Last Sunday marked the 208th day of I being a teetotaler; this oil painting is 208 days in the making. My story of “From a Borderline Alcoholic to a Teetotaler” will be posted here another day, I promise. Today I wish to write about a hobby that I’ve left behind for about one and a half years.
Ever since I told Cynthia that I refrain from use of alcoholic liquors, on more than one occasion when we were scratching our heads on what gifts to bring along, she always pointed to the bottles of the unopened wine. “I don’t understand why we can’t give them away since you are not drinking anymore,” she would comment.
For the past 208 days, I have five bottles of white wine, one bottle of red wine, one bottle of VSOP, and two cans of cold beer lying somewhere in my home. I am not opening them because I have made a decision and I wish to stick with it; I am not giving them away because I wish to paint and immortalize this moment.
I swear when I lined up the bottle readied to start painting, I had this sudden urge. But that urge was soon overwhelmed by the smell of the turpentine. Do artists get addicted to oil painting because of this thin volatile essential oil? That certainly gave me the lightheadedness. How I miss oil painting. To get the perspective right, I had to sit on the floor. Not a very comfortable position to paint. But it is good to try something different. In retrospect, I don’t think I have got the color of the white wine bottles right. Perhaps next time, I will do a better job.
One day while I was chatting with one of my favourite friends whom I have worked with a while ago, she suggested to me that I shall paint her. I asked how? And she said however way she has inspired me to paint. She kept referring to the “Dark Side” (in a career sense) and just recently I have talked to one of my buddy who is still happily staying at one of the companies that is definitely not one of my top 10 favorable places to work at. He told me that he is happy inside because he feels that the outside world may not be as nice. All that prompted me to ponder upon how different organizations appeal to different people. At one end, bosses reward people with good performance and on the other end, because bosses rely on how relationship works with the clients and are able to get away with sub-standard performance, they reward those who treasure relationships like themselves too. To me, it is a battle between the two. What better way it is to paint this tension some of us face everyday?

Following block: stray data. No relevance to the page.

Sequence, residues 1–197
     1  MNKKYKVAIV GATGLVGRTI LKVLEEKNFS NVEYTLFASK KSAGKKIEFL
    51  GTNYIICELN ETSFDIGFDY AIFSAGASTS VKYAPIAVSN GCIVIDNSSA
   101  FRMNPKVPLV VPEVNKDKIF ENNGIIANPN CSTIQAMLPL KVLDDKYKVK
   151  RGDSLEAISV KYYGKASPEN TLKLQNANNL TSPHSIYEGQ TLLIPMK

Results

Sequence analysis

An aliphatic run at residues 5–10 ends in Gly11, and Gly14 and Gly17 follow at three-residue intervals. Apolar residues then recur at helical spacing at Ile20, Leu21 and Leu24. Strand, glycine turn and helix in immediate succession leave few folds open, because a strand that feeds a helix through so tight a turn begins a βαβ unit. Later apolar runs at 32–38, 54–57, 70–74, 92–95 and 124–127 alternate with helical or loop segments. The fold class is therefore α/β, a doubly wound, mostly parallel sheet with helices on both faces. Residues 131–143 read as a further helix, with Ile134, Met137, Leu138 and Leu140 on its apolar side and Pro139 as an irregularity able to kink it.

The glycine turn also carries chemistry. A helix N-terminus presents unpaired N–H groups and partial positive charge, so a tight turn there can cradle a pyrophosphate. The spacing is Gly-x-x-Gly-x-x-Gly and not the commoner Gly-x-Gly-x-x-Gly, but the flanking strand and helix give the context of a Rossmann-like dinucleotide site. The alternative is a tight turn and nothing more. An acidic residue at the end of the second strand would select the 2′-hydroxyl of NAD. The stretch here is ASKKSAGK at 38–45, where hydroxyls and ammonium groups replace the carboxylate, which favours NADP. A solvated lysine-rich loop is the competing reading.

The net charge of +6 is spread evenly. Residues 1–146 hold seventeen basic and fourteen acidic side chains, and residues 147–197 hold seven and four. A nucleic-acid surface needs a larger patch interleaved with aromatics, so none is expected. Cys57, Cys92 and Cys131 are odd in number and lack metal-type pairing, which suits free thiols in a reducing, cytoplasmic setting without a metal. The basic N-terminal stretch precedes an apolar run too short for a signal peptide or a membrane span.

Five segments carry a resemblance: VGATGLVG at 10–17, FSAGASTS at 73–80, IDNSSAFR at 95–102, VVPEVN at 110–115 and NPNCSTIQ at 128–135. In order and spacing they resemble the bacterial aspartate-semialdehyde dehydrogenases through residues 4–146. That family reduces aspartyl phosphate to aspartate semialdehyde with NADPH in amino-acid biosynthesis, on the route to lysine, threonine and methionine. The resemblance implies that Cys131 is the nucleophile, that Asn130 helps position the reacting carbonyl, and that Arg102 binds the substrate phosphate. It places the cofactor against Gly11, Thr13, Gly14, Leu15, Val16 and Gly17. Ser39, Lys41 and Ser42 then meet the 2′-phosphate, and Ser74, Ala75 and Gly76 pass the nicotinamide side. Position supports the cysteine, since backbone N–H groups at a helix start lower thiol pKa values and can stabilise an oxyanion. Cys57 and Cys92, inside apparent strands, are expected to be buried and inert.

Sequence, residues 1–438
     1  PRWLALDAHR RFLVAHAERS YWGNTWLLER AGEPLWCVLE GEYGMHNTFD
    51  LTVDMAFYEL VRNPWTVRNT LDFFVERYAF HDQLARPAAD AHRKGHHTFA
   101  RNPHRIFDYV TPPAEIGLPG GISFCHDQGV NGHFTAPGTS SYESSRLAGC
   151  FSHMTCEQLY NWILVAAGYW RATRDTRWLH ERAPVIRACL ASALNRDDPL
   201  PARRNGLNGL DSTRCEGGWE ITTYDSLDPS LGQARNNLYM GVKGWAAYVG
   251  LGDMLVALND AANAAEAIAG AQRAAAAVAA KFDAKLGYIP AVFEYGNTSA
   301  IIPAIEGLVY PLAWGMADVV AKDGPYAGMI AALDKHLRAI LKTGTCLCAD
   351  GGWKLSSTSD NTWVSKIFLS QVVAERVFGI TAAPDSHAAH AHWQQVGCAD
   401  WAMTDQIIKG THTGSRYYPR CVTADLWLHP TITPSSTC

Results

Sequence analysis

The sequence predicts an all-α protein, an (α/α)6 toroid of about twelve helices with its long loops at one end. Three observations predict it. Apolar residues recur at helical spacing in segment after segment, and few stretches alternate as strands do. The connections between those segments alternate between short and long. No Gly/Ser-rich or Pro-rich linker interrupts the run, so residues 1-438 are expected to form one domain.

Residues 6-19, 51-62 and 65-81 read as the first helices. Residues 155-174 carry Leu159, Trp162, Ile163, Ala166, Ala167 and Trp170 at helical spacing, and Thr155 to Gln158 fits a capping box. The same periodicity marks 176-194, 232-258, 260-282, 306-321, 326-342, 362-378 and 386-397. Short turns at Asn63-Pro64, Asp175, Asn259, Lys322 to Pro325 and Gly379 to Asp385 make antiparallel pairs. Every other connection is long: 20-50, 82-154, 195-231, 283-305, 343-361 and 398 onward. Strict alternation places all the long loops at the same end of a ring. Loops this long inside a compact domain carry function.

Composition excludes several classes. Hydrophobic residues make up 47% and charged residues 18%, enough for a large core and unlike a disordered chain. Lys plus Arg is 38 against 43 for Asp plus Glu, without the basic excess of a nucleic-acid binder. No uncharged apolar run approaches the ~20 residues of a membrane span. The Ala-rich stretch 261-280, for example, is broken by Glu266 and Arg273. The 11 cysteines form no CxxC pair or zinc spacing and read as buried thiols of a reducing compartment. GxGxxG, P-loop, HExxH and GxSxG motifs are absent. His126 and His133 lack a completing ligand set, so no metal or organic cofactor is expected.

My Canon camera has once again failed me (vowed not to buy another Canon product) and the picture above was taken by my Nokia N80. I have made a video while I was painting and have recorded the process via my camcorder. It is a less than 4 minutes video and I hope you enjoy watching that. Many have asked me how difficult it is to paint oils. And I hope this video says it all. “Battle Of The Ancient” is my first attempt to paint abstract art.